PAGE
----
86 Denv. U. L. Rev. 565 (2008-2009)
Half-Full, Half-Empty - Asian American Electoral Presence in 2008

handle is hein.journals/denlr86 and id is 571 raw text is: HALF-FULL, HALF-EMPTY? ASIAN AMERICAN
ELECTORAL PRESENCE IN 2008
KEITH AOKIt & ROBERT S. CHANGtt
We stand past the cusp of a historic election. For the first time, a
person of color has been elected to the highest office of a majority-white
nation.' For the first time in United States history, an African American
has been elected President.2
As we look back upon the events that led to this result, it gives us an
opportunity to examine the politics of race. Despite all the talk of Ob-
ama running a post-racial campaign, there was a lot of race in this race.3
Our sense, though, is that race in the race, as remains typical in the Unit-
ed States, was discussed and understood mostly in black and white
terms.4
In the midst of this, how do we talk meaningfully about political
power as it relates to racial group affiliation? And more specifically,
what does it mean to talk about Asian Americans and Asian American
political power?
In some ways, it's odd to talk about group political power. After
all, we might understand the right to vote as being held by qualified indi-
viduals, that political power resides in individuals who exercise this right
as individuals and not as members of a group.6 These individual exercis-
t   Professor of Law, UC Davis King Hall School of Law.
tt   Professor of Law and Director, Fred T. Korematsu Center for Law and Equality, Seattle
University School of Law.
1.  Shelby Steele, Op-Ed., Obama's Post-Racial Promise, L.A. TaIES, Nov. 5, 2008, at A31.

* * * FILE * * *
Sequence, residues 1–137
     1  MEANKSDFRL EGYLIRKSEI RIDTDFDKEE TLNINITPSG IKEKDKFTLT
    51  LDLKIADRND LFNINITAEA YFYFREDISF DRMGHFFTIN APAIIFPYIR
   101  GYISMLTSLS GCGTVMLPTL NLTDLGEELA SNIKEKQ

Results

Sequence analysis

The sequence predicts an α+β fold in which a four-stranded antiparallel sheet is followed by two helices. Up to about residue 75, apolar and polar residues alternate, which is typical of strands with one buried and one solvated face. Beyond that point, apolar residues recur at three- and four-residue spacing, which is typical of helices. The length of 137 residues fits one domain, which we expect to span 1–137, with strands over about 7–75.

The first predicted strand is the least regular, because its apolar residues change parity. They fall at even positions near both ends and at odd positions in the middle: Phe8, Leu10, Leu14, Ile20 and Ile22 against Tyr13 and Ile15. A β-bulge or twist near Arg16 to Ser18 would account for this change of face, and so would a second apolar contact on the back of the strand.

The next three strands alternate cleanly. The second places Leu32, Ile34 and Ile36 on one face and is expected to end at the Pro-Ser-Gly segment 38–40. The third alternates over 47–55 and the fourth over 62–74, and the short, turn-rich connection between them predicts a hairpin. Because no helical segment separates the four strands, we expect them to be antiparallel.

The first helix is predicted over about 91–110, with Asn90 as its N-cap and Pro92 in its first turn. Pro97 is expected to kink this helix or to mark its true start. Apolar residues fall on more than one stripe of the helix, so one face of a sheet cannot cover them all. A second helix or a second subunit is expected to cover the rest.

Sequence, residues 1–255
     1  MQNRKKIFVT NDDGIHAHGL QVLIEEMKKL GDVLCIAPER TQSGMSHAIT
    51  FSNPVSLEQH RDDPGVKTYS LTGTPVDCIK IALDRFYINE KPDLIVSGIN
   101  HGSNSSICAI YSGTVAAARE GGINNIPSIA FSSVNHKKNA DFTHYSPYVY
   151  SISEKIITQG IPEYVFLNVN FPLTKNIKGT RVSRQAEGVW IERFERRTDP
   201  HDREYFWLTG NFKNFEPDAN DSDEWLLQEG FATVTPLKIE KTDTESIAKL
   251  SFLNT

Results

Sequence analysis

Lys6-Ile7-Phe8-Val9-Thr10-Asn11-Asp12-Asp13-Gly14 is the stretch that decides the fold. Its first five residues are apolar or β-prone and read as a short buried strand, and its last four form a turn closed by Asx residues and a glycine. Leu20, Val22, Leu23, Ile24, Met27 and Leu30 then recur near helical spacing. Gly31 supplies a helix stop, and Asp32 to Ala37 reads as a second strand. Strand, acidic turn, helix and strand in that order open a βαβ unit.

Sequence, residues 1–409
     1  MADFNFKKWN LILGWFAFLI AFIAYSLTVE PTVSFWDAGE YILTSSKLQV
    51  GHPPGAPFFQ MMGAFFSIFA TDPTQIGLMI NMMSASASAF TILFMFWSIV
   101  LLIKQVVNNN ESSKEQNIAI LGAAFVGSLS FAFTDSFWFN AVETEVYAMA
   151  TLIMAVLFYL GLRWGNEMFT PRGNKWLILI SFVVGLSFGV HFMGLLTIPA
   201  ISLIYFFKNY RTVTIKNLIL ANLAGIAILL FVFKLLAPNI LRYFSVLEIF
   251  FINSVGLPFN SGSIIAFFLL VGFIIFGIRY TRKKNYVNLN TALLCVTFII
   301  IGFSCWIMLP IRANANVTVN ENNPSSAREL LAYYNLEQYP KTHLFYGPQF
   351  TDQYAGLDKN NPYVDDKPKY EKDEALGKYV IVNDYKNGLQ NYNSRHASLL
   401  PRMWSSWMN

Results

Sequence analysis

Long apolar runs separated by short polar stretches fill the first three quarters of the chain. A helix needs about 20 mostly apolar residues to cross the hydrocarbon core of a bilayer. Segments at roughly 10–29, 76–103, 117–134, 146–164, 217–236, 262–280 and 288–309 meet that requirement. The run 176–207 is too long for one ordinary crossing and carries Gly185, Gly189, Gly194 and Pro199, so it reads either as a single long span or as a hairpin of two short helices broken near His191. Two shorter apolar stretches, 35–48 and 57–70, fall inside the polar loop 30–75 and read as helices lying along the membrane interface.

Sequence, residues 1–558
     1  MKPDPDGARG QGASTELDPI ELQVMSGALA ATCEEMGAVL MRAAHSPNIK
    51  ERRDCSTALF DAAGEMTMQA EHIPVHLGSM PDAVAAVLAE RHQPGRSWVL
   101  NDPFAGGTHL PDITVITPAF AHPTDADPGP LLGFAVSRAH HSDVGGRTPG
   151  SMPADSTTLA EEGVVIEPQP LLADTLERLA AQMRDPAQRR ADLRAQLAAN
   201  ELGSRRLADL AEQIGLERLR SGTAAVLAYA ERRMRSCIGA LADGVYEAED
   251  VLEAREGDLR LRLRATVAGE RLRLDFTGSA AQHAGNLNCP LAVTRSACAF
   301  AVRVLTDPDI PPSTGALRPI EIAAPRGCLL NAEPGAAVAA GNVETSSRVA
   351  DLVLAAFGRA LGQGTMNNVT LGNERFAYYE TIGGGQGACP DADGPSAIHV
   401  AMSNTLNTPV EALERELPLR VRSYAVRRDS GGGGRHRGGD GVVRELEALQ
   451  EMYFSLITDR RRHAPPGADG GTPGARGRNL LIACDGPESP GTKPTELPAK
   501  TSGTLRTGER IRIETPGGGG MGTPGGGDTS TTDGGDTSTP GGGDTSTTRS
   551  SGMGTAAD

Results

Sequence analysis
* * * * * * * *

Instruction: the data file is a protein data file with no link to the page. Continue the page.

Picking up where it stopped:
2.  See id.
3.  We take the phrase from an event run before the election by UCLA's Critical Race Stu-
dies program called Race in the Race.
4.  For a development of the critique of the black/white racial paradigm in the legal literature,
see Robert S. Chang, Toward an Asian American Legal Scholarship: Critical Race Theory, Post-
Structuralism, and Narrative Space, 81 CAL. L. REV. 1241, 1267 (1993); Neil Gotanda, Other Non-
Whites in American Legal History: A Review of Justice at War, 85 COLUM. L. REV. 1186, 1188
(1985) (book review); Juan F. Perea, The Black/White Binary Paradigm of Race: The Normal
Science of American Racial Thought, 85 CAL. L. REV. 1213, 1219 (1997).
5.  We include Latinas/os as part of the racial discourse despite the formal categorization by
the U.S. Census of Hispanics not as a race but as an ethnicity. See Robert S. Chang & Keith Aoki,
Centering the Immigrant in the Inter/National Imagination, 85 CAL. L. REV. 1395, 1447 (1997). On
Latinas/os and the political process, see STEVEN W. BENDER, ONE NIGHT IN AMERICA: ROBERT
KENNEDY, CESAR CHAVEZ, AND THE DREAM OF DIGNrrY (2008); Steven Bender, Sylvia R. Lazos
Vargas & Keith Aoki, Race and the California Recall: A Top Ten List of Ironies, 16 BERKELEY LA
RAZA L.J. 11, 15-18 (2005); Steven W. Bender & Keith Aoki, Seekin' the Cause: Social Justice
Movements and LatCrit Community, 81 OR. L. REV. 595, 618-24 (2002).
6.  But cf Davis v. Bandemer, 478 U.S. 109, 167 (1986) (Powell, J., dissenting) (suggesting
that the experience of voting cannot be understood solely as an individual act, because [the concept
of 'representation' necessarily applies to groups: groups of voters elect representatives, individual

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